Europe and America... the perfect match
... but, after too much pomp and ceremony, it's a relief that golf is now centre stage
We got a match, said Tom Watson. The next three days will show whether the veteran American captain is right about that.
We can now luxuriate in the action as some of the finest players in golf do it for their countries and for their pride.
They say there is no bigger moment in golf than standing on the first tee at a Ryder Cup.
Do badly as an individual and you only have yourself to blame; do badly at this level and... well, the level of expectation is enormous.
So too is the event although, somewhere in the schmaltz and faux sincerity of the Ryder Cup opening ceremony, authenticity has been lost.
The marvellous contest has acquired an overbearing attachment to display.
Scotland's favourite Scotsman, Dougie Donnelly, was invited by the organising committee to fill the gaps in a scripted hour of sentimental eulogies and soaring speeches.
Pipers piped, singers sang and dear old Dougie talked us through it with an avuncular flourish.
Only the violins were missing as the suited leaders of the golfing community approached the stage.
Scotland's outgoing First Minister Alex Salmond set the bar high with an address full of fawning ambition. The players were playing, he said, "for the love of country, continent and respect for the game of golf".
Blimey. That's what makes the Ryder Cup the best golf tournament in the world, don't you know.
There is, it must be said, something in the American voice that lends itself to public speaking and which somehow ameliorates the cringe factor.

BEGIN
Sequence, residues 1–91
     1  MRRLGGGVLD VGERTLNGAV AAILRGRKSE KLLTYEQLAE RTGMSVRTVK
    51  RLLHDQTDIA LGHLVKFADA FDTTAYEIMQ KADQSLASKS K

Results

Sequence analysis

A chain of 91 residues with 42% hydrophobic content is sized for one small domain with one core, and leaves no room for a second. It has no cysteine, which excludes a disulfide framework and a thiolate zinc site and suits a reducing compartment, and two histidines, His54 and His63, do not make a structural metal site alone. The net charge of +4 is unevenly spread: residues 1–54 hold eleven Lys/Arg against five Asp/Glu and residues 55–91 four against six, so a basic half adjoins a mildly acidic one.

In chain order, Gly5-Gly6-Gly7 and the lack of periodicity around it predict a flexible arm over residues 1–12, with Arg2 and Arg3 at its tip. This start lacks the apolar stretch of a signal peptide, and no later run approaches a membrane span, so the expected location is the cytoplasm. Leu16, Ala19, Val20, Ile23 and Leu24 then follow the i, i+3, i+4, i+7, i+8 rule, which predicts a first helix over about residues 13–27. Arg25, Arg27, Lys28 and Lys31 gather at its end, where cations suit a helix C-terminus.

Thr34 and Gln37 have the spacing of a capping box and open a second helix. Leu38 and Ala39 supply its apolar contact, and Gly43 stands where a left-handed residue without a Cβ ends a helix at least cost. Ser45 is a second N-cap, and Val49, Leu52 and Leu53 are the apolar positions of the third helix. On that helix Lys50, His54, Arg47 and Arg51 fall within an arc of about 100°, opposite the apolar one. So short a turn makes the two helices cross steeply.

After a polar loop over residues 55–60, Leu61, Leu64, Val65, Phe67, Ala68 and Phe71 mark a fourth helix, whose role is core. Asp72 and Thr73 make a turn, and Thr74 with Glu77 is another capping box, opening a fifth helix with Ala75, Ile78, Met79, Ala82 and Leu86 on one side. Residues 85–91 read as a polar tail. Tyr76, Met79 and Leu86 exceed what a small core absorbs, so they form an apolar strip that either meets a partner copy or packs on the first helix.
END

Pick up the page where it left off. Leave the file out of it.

And so it was just about possible to listen to captain Watson without recourse to the sick bag.
He spoke of "honour and respect for our game passing through generations", and men "coming together to play not for themselves, but as one".
We believe you, Tom.
Both captains claimed that all 12 players will appear today. That means a debut for Frenchman Victor Dubuisson in the afternoon foresomes alongside Graeme McDowell.
So the forecast was right; as predicted in the Belfast Telegraph earlier this week, European captain Paul McGinley decided to break up the Northern Ireland partnership of McDowell and Rory McIlroy.
The straight-talking McGinley had reminded observers that rose-tinted nostalgia about the two Ulstermen in Ryder Cups had not been backed up by facts; out of a possible six points, the pair had contributed two and a half.
And G-Mac had already confirmed the inevitable a couple of days earlier, when he admitted that compatriot McIlroy was now too big a figure in world golf to play the smaller brother role to the Portrush man.
Everyone stressed that it had nothing to do with the ongoing court case – or "Liti-gate" as it has come to be known following Phil Mickelson's little barb on Wednesday afternoon.
It added a little spice to the build-up but there was no evidence that it annoyed Rory or G-Mac.
McGinley was, however, almost apologetic at having to leave McDowell out of the opening exchanges, a reflection not only of the depth of talent at his disposal but of the shifting chemistry in the team.
"Graeme is a big player, playing very well with a big heart," he said.
"I would love him to be out tomorrow morning. He loves the big atmosphere.
"But there's a lot of big atmospheres between now and Sunday night, and there will be a time and a place for Graeme to play that big role," McGinley said.
Inevitably McGinley's strategy is built around the world's dominant force, McIlroy.
Only if Europe are flying will McIlroy be handed a rest later in the day.
Though Europe boast four of the five highest ranked players in the contest, the superior average ranking belongs to America.
Since the past five Ryder Cups have been won by the team in that mathematical position, do not be surprised to see America prick the favourites bubble enveloping Europe.
Against that home advantage is reckoned to be worth at least a point if not one and a half and Europe do not have to win to retain the trophy. Fourteen points will do.
Accumulating them is easier said than done, of course.